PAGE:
Evaluating Exxon Mobil – A Low-Risk, Below-Value Investment

August 24, 2010

As the market continues to drop, after two weeks of declines, many investors are looking toward conservative investments that are perceived as under-valued.  Although many are leery of the oil industry, a position reinforced by a recent lowering of gas prices, it can be argued to still consider investment in Exxon-Mobil.

In comparison with the five other largest oil companies in the world – British Petroleum, Chevron Texaco, Total, Conoco Phillips, and Royal Dutch Shell – Exxon Mobil has consistently created the most revenue.

Exxon Mobil recently reported a net income of $7.56 billion, and a 24% increase in total revenue to $92.5 billion compared to the same time last year.

However, Exxon Mobil’s stock has recently dropped as a result of falling oil prices and the estimated lower future demand for crude oil, as well as the repercussions to the oil industry following BP’s Gulf of Mexico oil spill.

Exxon Mobil currently has a forward to Price to Earnings (PE) ratio of 8.8, and a Price/Earnings to Growth (PEG) ratio of .67, both indicators that the company’s stock is undervalued.  ExxonMobil shares also produce a 2.9% 0.44 quarterly dividend.

The stock now trades with a forward P/E of 8.8 with a PEG ratio of 0.67. In additional to those signals of undervalue, it also yields a 2.9% 0.44 quarterly dividend, a percentage which has increased yearly.  Additionally, ExxonMobil returned 16.3% on employed capital last year.

In the wake of BP’s Gulf disaster, ExxonMobil advantageously has limited operation within the Gulf of Mexico, with its other operations in Africa, Asia and the Middle East.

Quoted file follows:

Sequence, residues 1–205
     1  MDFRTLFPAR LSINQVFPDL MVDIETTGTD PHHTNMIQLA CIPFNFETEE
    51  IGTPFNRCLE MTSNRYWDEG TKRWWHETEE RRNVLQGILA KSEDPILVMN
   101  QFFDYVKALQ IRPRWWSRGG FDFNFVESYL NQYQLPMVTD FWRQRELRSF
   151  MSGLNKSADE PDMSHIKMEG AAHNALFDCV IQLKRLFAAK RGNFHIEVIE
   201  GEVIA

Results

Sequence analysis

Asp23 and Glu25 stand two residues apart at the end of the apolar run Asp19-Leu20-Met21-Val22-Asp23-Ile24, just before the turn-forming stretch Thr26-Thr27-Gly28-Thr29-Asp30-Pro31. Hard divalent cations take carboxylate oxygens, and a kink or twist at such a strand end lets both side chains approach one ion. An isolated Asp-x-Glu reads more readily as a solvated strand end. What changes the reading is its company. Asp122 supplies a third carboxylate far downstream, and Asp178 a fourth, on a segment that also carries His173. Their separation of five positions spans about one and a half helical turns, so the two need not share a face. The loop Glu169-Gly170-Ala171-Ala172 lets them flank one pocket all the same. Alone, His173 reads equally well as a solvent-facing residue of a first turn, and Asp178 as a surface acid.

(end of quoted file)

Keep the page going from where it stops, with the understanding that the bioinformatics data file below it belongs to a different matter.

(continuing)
ExxonMobil’s operation is divided into three main revenue streams.

The first division explores for and produces oil & natural gas, predominantly in the United States, Russia, and the Caspian Sea, and contributed 88%, or $17 billion, of Exxon’s total 2009 revenue.

Secondly, the refining of crude oil and the marketing of the resulting usable oil products, such as gasoline, diesel oil and jet fuel, generated $1.8 billion, or 9% of the total revenue, in 2009.

ExxonMobil’s chemicals division, involved in the manufacturing of petrochemicals and plastics, created 12% of their total revenue at $2.3 billion.

An additional point to consider is that Exxon’s and Mobil’s retail gasoline stations are not owned by the company.  In 2008, all of the retail outlets were sold to private investors in order to generate capital and reduce losses.  These affiliated gas stations still contribute licensing fees and revenue from purchasing ExxonMobil’s products, thus maintaining their stance as a revenue source even though the company does not see profit directly from resale to the consumer.

After ExxonMobil bought XTO Energy, a producer of shale natural gas, for $41 billion of stock, its resource base increased by 10%, even though it diluted the value of its common shares of stock.  However, ExxonMobil has still demonstrated its ongoing intention to increase the value of their stock by spending an average of $30 billion per year on share repurchases over the last 3 years.

ExxonMobil is involved in many developing markets, which are expected to provide for the majority of the world’s predicted increase in oil demand of 35% by 2030.

The company has been consistently increasing its capital expenditures, with projections of $150 billion over the next 5 years.